CVS has a heavy footprint in Miami-Dade’s Spanish-speaking neighborhoods, in a county that is nearing 70% Hispanic. That’s why the pandering was particularly sinister when Florida Gov. Ron DeSantis announced last week, in the Hispanic-heavy city of Hialeah, that all CVS y más and the company’s Navarro pharmacies would start offering vaccinations. Noticeably absent were the remaining CVS stores in Black or more racially mixed neighborhoods. They were intentionally and egregiously left out of the vaccination initiative without explanation, as if nobody would notice.

Just two days later, DeSantis announced with great fanfare at Edwards Waters College – an HBCU in Jacksonville – that he’s partnering to open six new vaccination locations in the state to make 200 daily vaccine doses available per site in underserved communities, (meaning Black). Besides EWC, those are Florida A&M University, the Kissimmee City Chambers Park and Community Center, Broward College’s Coconut Creek Campus, a parking lot in Overtown at 1551 NW 1st Ave. and Father Gerard Jean-Juste Community Center at 690 NE 159th St. in Miami. The news release included dutiful quotes of gratitude from the presidents of both EWC and A&M as proof of the governor’s benevolence. It was stomach-churning.

Riches for the Hispanic community, crumbs for Black residents. Let’s keep in mind that the majority of Black voters are Democrats. The EWC news conference was timed less than 24 hours before the governor welcomed the nation’s conservative movement to Orlando at the Conservative Political Action Conference.

The flurry of vaccine news last week also brought announcements from Publix and Winn-Dixie. Publix, with a limited footprint in Black neighborhoods, announced that all 730 Florida Publix pharmacies will administer the vaccine, including 136 stores in Miami-Dade and Broward counties. It was a smart move considering the image problem created by Publix supermarket chain heiress and major Trump donor Julie Jenkins Fancelli, who contributed nearly $300,000 to the Trump rally that preceded the Capitol insurrection on Jan. 6. You can call her the mother of the coup attempt.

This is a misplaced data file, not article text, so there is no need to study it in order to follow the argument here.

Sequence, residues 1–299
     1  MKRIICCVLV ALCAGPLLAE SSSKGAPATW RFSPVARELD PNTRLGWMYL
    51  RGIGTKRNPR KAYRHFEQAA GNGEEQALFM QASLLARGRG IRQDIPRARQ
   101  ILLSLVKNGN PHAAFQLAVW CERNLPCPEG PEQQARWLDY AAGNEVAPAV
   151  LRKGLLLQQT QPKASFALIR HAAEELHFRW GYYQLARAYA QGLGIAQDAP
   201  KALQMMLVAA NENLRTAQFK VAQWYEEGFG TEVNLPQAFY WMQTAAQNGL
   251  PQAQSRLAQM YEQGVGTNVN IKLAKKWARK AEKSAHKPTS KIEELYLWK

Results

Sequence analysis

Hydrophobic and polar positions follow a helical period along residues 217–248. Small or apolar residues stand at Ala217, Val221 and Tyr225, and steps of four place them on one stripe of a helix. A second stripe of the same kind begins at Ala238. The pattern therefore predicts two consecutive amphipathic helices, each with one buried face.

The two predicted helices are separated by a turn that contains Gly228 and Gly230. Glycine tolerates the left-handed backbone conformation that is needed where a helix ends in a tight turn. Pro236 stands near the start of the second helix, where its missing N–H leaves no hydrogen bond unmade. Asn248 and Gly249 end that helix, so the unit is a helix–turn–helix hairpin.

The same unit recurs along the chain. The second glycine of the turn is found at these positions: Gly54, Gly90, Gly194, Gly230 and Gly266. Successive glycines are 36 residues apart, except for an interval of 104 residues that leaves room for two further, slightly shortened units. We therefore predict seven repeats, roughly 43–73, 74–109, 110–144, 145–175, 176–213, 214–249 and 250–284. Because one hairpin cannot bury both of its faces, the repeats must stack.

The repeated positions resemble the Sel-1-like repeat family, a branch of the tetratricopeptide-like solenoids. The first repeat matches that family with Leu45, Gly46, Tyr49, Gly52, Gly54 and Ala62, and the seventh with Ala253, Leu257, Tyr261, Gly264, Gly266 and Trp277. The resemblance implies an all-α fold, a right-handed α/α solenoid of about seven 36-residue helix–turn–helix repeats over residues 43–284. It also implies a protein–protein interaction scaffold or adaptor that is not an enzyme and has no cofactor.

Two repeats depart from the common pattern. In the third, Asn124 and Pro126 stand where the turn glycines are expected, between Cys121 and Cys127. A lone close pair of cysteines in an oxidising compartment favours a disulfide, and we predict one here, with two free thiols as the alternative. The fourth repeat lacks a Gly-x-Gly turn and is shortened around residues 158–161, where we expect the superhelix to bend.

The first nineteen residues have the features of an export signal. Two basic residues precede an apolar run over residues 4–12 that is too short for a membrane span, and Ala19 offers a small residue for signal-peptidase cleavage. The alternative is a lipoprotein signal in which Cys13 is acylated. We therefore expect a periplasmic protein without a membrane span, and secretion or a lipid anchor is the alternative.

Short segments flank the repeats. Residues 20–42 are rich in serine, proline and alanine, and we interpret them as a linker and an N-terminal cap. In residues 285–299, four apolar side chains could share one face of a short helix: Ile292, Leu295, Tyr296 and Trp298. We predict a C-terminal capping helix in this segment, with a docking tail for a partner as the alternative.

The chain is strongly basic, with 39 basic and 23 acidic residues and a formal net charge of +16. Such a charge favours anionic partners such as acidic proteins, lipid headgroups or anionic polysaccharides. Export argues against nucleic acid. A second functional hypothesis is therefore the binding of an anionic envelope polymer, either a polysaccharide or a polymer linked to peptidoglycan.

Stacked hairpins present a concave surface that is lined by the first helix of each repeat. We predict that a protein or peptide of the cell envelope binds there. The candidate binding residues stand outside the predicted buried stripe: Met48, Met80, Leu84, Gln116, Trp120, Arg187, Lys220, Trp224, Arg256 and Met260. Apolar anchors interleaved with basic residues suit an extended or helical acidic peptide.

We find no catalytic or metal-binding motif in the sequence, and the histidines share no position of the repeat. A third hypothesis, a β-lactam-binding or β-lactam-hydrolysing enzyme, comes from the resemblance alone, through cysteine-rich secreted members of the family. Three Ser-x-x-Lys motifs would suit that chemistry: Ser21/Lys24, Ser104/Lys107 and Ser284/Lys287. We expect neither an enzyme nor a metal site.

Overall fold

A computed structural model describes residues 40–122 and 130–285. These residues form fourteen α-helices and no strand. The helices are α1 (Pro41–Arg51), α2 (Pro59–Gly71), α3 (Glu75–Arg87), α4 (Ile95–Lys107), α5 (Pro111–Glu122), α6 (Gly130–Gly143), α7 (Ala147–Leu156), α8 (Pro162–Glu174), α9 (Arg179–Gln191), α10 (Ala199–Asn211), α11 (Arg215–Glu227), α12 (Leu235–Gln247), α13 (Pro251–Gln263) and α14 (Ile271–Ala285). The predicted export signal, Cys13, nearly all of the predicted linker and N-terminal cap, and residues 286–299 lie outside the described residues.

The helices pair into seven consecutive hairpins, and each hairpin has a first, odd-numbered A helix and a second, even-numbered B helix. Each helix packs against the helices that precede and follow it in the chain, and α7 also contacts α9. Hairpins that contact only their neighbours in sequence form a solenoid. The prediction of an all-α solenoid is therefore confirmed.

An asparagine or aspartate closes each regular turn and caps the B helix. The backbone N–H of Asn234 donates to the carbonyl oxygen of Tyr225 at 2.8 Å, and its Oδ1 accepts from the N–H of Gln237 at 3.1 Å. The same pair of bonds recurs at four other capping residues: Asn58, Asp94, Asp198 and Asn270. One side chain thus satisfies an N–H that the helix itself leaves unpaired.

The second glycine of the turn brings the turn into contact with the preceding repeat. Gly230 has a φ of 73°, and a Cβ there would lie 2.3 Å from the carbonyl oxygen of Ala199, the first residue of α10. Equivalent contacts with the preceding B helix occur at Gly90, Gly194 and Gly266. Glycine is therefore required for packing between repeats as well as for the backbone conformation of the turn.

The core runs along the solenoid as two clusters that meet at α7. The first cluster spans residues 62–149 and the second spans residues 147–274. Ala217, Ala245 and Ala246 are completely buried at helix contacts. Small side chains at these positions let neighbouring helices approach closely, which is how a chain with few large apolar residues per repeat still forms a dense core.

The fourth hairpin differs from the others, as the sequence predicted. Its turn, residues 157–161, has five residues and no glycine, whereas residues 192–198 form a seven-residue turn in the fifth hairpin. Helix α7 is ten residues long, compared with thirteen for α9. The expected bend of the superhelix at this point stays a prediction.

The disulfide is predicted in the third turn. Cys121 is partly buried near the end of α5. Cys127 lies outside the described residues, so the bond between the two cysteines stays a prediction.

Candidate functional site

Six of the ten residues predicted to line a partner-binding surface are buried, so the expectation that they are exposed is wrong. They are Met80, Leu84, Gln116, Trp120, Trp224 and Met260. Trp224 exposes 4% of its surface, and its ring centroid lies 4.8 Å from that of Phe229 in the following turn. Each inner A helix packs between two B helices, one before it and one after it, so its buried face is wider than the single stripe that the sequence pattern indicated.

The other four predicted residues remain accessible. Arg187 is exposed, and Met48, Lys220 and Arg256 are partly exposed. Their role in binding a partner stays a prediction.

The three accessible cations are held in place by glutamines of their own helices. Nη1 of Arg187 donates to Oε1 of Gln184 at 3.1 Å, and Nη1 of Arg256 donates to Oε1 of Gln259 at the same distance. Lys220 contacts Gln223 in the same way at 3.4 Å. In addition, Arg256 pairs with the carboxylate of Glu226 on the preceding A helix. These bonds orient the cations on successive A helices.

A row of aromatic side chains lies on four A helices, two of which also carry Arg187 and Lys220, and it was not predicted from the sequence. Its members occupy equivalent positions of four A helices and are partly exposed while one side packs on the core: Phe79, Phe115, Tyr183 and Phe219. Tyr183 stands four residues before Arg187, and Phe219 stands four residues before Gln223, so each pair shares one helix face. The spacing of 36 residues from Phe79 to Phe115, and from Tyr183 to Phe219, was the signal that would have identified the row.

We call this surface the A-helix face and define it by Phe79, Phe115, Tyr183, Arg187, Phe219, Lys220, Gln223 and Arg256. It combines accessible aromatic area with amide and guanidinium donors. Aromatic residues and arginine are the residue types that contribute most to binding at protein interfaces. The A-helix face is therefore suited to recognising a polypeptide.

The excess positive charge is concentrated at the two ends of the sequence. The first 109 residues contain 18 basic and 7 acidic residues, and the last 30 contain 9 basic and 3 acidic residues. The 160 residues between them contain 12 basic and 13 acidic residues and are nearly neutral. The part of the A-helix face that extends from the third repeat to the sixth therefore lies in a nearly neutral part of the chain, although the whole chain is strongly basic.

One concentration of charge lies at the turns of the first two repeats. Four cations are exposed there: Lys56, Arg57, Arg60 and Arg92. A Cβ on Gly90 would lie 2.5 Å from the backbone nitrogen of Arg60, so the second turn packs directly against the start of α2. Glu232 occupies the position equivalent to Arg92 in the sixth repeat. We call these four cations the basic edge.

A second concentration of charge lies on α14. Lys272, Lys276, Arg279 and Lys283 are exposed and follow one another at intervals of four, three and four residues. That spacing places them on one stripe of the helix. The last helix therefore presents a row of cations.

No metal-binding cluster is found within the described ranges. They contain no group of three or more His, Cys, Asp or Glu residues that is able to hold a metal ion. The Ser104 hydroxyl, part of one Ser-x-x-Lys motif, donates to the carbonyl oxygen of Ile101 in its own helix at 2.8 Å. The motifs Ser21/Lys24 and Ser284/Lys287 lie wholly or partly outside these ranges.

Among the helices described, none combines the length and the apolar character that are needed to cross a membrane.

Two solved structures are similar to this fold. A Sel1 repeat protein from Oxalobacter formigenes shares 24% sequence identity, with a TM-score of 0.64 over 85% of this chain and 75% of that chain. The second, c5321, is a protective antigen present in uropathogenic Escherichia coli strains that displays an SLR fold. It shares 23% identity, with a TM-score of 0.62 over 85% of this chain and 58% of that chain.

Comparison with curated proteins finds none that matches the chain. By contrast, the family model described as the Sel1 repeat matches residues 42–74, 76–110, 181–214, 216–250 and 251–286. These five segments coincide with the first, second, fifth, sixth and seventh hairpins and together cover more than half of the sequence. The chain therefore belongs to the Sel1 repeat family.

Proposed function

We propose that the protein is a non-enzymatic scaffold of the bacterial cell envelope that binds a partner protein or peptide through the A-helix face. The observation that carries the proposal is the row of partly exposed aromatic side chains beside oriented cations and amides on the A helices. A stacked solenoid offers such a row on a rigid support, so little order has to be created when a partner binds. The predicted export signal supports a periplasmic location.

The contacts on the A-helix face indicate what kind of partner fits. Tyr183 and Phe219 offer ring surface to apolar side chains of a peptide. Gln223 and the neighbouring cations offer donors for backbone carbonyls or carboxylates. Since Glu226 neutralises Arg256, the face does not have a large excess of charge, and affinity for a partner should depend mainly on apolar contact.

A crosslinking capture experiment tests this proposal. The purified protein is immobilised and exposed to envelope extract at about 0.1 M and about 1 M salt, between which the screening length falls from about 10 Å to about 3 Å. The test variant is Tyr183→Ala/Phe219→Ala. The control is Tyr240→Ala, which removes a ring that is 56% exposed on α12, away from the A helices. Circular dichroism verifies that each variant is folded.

Winn-Dixie, with a bigger presence in Black neighborhoods than Publix, has been struggling to make vaccines available at its locations. Of the 24 stores that were added to its efforts, the two announced in Miami-Dade are at 1150 NW 54th St. in Liberty City and 1155 NW 11th St. in Miami, west of Liberty City and just south of Jackson Memorial Hospital. No sites were added in Hispanic neighborhoods.

Now let’s backtrack to CVS for a moment.

In 2014 the company purchased Navarro Discount Pharmacy, the largest Hispanic and family-owned drugstore chain in the country, with 33 locations. The trusted Hispanic brand had been around for 50 years before its acquisition. The largest Black-owned drugstore chain, Barthwell Drugs, opened in 1933 and grew to 13 stores around Detroit before its last location closed in 1987. CVS y más, which literally means “CVS and more,” is little more than a cosmetic marketing gimmick launched in 2015 designed to make Hispanic customers feel more welcomed and distinguish CVS from its equally homogenized competitor, Walgreens. The y más locations typically contain an aisle with extended product selections offered in greater abundance at Navarro, such as religious candles and violet water cologne popular with a Cuban clientele. They also boast bilingual signage and employees, neither of which are unique in Miami-Dade.

I don’t begrudge CVS from developing a smart marketing strategy to make their brand feel more inviting to large Latino markets in Miami and elsewhere, even if it is just smoke and mirrors. It’s good business. What’s morally wrong is excluding pharmacies outside of Latino-dominated zones from a vaccination effort during a pandemic when lives are at stake. I guess those “other” areas aren’t Republican enough for DeSantis or CVS.

But I have news for the governor. We all bleed red, die the same and meet the same maker. Money is green in everybody’s hands, regardless of skin color, and we all have a choice of where to spend it.

Emily Cardenas is the executive editor of The Miami Times. She previously worked as a producer at WTXF in Philadelphia and at WSCV, WFOR and WPLG in Miami.